Paying for obesity: a changing landscape

Pediatrics. 2009 Jun;123 Suppl 5:S301-7. doi: 10.1542/peds.2008-2780I.

Abstract

Background: Coverage for obesity related services is highly variable. Despite this, health plans, purchasers, and states have mounted numerous recent initiatives.

Objective: To identify the range of approaches being used to address coverage and reimbursement for childhood obesity services.

Methods: Key informant interviews were conducted using a semi-structured protocol to identify the types of activities they or their organization were engaged in to address childhood obesity, to learn about private payer policies and procedures, to identify best practices, potential resources and/or other key informants. Domains addressed in the protocol included scope of the respondent's organization's activities, the rationale for supporting obesity activities, the degree to which obesity services were a covered benefit and what if any barriers or challenges were encountered in implementation, the policy climate within which the organization operates (e.g. state legislation, initiatives or task forces), and any assessment of the impact and/or cost of implementing their initiatives. The individuals interviewed represented respondents from each of the following categories: employer, health plan, and state insurance programs and conducted by phone between November 2007 and March 2008. In addition to the information gathered by the key informant interviews we conducted a search of the relevant peer review and grey literature between 2005 and 2008 and input from a national expert advisory group.

Results: Significant variation, as well as recent changes, were identified in both the private and public sector. Approaches included new benefits and incentives for parents and providers. Only anecdotal evidence of impact of the recent changes was available.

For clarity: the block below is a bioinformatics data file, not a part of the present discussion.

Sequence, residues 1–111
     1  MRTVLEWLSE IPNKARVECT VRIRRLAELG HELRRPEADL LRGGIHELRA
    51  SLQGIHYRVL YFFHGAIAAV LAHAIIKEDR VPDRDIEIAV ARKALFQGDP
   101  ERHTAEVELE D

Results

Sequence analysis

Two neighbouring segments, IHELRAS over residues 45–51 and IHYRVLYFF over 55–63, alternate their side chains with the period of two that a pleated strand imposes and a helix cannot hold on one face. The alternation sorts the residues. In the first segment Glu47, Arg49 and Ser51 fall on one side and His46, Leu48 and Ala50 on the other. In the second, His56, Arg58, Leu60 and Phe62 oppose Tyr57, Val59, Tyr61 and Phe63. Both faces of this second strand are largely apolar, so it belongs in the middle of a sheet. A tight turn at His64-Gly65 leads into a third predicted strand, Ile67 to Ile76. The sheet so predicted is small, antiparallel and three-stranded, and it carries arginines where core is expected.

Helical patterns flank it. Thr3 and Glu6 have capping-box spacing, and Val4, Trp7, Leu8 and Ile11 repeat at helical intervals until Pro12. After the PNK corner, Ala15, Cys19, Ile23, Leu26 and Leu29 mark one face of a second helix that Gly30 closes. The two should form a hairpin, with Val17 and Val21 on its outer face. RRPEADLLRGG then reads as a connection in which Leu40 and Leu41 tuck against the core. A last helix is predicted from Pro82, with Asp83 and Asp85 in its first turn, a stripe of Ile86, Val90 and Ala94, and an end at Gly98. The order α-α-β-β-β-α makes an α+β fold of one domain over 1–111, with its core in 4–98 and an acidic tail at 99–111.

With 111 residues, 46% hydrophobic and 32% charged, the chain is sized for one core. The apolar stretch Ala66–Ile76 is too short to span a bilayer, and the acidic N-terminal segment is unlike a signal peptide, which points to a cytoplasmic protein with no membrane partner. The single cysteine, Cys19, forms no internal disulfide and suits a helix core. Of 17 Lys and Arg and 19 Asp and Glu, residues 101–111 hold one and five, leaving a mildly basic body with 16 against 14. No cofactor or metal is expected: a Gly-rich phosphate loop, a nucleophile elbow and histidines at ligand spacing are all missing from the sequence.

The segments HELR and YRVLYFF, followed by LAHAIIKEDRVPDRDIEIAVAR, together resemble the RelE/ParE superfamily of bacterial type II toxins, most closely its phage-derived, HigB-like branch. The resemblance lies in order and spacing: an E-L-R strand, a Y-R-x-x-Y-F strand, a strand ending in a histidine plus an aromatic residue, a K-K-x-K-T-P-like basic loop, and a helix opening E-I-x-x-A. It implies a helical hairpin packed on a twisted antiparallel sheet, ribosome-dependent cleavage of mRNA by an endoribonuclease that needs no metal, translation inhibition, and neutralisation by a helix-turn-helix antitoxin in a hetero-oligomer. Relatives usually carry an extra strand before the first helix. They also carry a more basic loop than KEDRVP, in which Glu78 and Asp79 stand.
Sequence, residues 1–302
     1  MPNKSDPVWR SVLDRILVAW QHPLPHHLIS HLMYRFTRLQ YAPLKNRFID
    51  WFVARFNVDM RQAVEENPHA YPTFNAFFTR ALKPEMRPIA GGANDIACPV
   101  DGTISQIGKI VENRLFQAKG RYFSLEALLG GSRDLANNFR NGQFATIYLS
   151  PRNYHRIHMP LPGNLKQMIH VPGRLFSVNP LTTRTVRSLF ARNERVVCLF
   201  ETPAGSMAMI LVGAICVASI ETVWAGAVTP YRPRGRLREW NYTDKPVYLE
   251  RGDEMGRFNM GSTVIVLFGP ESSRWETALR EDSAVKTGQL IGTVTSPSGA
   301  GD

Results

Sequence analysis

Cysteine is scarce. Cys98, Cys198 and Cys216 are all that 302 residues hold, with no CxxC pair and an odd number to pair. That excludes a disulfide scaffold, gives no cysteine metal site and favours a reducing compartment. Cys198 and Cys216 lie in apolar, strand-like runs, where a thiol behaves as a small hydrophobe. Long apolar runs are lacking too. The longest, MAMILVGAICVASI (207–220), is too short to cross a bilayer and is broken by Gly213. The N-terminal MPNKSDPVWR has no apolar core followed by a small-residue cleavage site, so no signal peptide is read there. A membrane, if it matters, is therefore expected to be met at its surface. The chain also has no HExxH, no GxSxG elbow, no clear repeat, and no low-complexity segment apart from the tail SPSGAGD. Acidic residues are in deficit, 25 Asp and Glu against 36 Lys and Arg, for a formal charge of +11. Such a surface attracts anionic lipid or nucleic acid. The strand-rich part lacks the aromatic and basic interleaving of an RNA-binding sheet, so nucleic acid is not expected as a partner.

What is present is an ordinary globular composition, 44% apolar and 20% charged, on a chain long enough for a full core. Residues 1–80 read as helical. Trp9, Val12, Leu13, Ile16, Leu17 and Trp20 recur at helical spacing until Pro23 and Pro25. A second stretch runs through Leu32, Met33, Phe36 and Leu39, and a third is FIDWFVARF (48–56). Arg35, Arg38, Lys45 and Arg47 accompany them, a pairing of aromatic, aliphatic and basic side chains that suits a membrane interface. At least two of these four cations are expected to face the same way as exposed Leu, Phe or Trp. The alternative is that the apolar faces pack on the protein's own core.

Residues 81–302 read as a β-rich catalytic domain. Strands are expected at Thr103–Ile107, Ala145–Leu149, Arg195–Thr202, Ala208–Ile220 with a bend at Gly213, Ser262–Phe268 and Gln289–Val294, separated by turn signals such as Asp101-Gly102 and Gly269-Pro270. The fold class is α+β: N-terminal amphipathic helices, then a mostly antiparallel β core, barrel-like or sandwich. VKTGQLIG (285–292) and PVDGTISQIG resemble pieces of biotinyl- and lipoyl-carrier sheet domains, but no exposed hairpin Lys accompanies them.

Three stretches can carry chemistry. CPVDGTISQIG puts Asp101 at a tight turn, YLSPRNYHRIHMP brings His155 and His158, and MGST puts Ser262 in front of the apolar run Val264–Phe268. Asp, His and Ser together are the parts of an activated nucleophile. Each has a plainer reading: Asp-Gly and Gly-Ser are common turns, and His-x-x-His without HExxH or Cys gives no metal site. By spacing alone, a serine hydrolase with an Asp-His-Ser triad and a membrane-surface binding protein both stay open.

Conclusions: There is important forward movement in how public and private players are addressing paying for obesity related services. Medicaid and SCHIP programs have an opportunity to provide additional leadership. Substantial investments in evaluation and research are needed to learn which approaches are most effective.

Publication types

  • Review

MeSH terms

  • Child
  • Child Health Services / economics*
  • Cost-Benefit Analysis
  • Female
  • Forecasting
  • Health Education / economics
  • Health Policy
  • Humans
  • Insurance Coverage / economics
  • Insurance, Health, Reimbursement / economics*
  • Insurance, Health, Reimbursement / trends*
  • Male
  • Obesity / economics*
  • Obesity / prevention & control*
  • Obesity / therapy
  • Policy Making
  • Private Sector / economics
  • Public Sector / economics
  • United States